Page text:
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The variables accessible in a particular view are called locals. Locals represent server-side data that is accessible to your view-- locals are not actually included in the compiled HTML unless you explicitly reference them using special syntax provided by your view engine.

<div>Logged in as <a><%= name %></a>.</div>
Using locals in your views

The notation for accessing locals varies between view engines. In EJS, you use special template markup (e.g. <%= someValue %>) to include locals in your views.

There are three kinds of template tags in EJS:

  • <%= someValue %>
    • HTML-escapes the someValue local, and then includes it as a string.
  • <%- someRawHTML %>
    • Includes the someRawHTML local verbatim, without escaping it.
    • Be careful! This tag can make you vulnerable to XSS attacks if you don't know what you're doing.
  • <% if (!loggedIn) { %> <a>Logout</a> <% } %>
    • Runs the javascript inside the <% ... %> when the view is compiled.
    • Useful for conditionals (if/else), and looping over data (for/each).

Here's an example of a view (views/backOffice/profile.ejs) using two locals, user and corndogs:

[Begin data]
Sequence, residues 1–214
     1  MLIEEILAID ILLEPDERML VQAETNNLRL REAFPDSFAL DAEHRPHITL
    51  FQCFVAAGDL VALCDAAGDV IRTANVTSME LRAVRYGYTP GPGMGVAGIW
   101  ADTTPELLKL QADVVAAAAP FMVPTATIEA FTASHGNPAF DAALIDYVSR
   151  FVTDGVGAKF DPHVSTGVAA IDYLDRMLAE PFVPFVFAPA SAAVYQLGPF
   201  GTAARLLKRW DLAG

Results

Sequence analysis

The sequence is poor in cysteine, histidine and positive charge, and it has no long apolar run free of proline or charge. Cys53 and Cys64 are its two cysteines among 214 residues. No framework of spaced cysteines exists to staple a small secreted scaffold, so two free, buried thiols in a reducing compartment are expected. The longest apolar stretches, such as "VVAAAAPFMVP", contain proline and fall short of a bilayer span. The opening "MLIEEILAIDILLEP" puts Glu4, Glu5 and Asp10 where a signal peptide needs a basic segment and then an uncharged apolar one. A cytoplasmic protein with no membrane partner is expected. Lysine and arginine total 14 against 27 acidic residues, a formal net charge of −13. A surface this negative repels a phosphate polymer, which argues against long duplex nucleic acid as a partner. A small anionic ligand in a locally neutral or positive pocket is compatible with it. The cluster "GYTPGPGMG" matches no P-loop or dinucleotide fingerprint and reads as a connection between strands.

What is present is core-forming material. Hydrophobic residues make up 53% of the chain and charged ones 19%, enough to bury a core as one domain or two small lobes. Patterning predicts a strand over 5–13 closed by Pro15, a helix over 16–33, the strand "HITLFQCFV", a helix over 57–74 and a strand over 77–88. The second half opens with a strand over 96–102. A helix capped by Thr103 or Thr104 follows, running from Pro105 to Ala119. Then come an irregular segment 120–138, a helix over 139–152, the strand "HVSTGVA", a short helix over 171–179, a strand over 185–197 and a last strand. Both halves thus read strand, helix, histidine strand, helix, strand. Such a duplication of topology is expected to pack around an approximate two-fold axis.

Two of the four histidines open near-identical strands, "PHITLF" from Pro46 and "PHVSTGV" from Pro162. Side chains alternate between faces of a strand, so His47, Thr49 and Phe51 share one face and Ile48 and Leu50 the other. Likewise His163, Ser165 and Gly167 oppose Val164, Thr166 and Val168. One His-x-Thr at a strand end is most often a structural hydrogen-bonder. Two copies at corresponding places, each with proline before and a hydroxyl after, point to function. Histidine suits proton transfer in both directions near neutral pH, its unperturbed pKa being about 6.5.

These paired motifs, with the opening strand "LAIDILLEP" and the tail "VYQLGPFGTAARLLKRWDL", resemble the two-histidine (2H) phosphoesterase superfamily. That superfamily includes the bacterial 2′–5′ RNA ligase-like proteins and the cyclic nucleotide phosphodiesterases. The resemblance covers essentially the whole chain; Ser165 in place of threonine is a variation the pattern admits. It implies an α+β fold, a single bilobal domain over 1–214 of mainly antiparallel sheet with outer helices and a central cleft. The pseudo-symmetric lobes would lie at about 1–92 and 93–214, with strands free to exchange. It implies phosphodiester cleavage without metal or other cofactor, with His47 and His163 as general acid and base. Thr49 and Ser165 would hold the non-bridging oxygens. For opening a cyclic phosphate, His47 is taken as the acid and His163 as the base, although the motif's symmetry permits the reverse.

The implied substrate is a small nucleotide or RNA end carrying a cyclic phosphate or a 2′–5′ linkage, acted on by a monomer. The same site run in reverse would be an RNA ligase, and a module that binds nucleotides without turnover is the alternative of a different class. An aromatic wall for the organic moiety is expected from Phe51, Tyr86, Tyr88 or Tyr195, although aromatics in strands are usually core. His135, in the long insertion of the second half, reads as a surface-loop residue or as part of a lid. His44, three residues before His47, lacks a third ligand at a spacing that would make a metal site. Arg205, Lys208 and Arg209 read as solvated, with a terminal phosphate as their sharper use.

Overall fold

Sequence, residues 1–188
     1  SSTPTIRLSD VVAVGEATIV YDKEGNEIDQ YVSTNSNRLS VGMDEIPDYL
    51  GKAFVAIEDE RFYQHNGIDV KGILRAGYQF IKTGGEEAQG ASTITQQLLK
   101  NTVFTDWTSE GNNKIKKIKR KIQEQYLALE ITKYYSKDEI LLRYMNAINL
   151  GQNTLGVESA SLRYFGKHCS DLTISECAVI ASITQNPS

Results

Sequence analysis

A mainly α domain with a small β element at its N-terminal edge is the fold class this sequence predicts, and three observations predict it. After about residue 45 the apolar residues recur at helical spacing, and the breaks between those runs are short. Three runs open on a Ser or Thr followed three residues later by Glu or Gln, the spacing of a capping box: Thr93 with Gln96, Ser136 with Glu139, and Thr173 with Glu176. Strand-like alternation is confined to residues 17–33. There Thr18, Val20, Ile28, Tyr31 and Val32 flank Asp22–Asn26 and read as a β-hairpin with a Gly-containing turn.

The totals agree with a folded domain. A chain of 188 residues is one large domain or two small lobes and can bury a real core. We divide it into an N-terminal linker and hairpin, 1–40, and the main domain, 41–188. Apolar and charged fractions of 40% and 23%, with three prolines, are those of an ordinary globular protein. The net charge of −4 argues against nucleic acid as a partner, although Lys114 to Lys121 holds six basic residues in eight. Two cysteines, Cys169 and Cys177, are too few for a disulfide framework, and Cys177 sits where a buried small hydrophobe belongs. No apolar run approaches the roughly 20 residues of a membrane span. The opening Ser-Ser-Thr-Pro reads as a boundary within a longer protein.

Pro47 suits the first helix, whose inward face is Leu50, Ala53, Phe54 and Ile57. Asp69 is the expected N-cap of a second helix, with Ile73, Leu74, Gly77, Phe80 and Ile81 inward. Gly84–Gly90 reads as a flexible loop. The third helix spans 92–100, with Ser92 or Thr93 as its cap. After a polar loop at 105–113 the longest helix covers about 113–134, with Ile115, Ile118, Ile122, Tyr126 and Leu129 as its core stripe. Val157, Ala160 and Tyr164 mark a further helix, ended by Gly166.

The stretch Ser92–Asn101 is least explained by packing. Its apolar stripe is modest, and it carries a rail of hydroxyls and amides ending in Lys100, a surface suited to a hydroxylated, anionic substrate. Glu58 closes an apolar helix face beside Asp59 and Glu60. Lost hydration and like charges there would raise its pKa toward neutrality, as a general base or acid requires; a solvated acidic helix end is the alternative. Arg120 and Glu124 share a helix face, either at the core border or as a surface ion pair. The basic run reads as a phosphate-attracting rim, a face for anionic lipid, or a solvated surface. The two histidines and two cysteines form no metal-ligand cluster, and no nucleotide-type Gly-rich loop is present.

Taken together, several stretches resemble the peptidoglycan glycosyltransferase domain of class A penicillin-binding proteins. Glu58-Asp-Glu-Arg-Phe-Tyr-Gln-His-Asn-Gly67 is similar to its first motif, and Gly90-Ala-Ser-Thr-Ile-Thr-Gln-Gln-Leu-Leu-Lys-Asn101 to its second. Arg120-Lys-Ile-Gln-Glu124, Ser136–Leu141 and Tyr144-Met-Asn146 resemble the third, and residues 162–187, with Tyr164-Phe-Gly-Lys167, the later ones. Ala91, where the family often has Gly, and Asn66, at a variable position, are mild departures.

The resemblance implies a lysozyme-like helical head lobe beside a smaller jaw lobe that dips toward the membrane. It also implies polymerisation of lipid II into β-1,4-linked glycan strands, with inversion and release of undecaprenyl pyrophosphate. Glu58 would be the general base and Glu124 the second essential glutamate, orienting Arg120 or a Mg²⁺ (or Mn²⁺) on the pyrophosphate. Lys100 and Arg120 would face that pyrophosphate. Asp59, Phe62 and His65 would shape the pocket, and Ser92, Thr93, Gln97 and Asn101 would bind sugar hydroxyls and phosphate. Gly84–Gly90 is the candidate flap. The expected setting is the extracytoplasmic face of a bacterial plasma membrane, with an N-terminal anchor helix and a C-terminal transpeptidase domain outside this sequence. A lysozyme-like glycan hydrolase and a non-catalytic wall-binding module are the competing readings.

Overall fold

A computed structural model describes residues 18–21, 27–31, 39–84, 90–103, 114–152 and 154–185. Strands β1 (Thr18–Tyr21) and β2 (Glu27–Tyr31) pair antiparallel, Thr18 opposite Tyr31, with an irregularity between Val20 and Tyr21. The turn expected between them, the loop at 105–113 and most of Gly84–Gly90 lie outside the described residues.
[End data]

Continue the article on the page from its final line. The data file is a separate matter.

<h1><%= %>'s first view</h1>
  <h2>My corndog collection:</h2>
    <% _.each(corndogs, function (corndog) { %>
    <li><%= %></li>
    <% }) %>

You might have noticed another local, _. By default, Sails passes down a few locals to your views automatically, including lodash (_).

If the data you wanted to pass down to this view was completely static, you don't necessarily need a controller- you could just hard-code the view and its locals in your config/routes.js file, i.e:

// ...
  'get /profile': {
    view: 'backOffice/profile',
    locals: {
      user: {
        name: 'Frank',
        emailAddress: '[email protected]'
      corndogs: [
        { name: 'beef corndog' },
        { name: 'chicken corndog' },
        { name: 'soy corndog' }
  // ...

On the other hand, in the more likely scenario that this data is dynamic, we'd need to use a controller action to load it from our models, then pass it to the view using the res.view() method.

Assuming we hooked up our route to one of our controller's actions (and our models were set up), we might send down our view like this:

// in api/controllers/UserController.js...

  profile: function (req, res) {
    // ...
    return res.view('backOffice/profile', {
      user: theUser,
      corndogs: theUser.corndogCollection
  // ...

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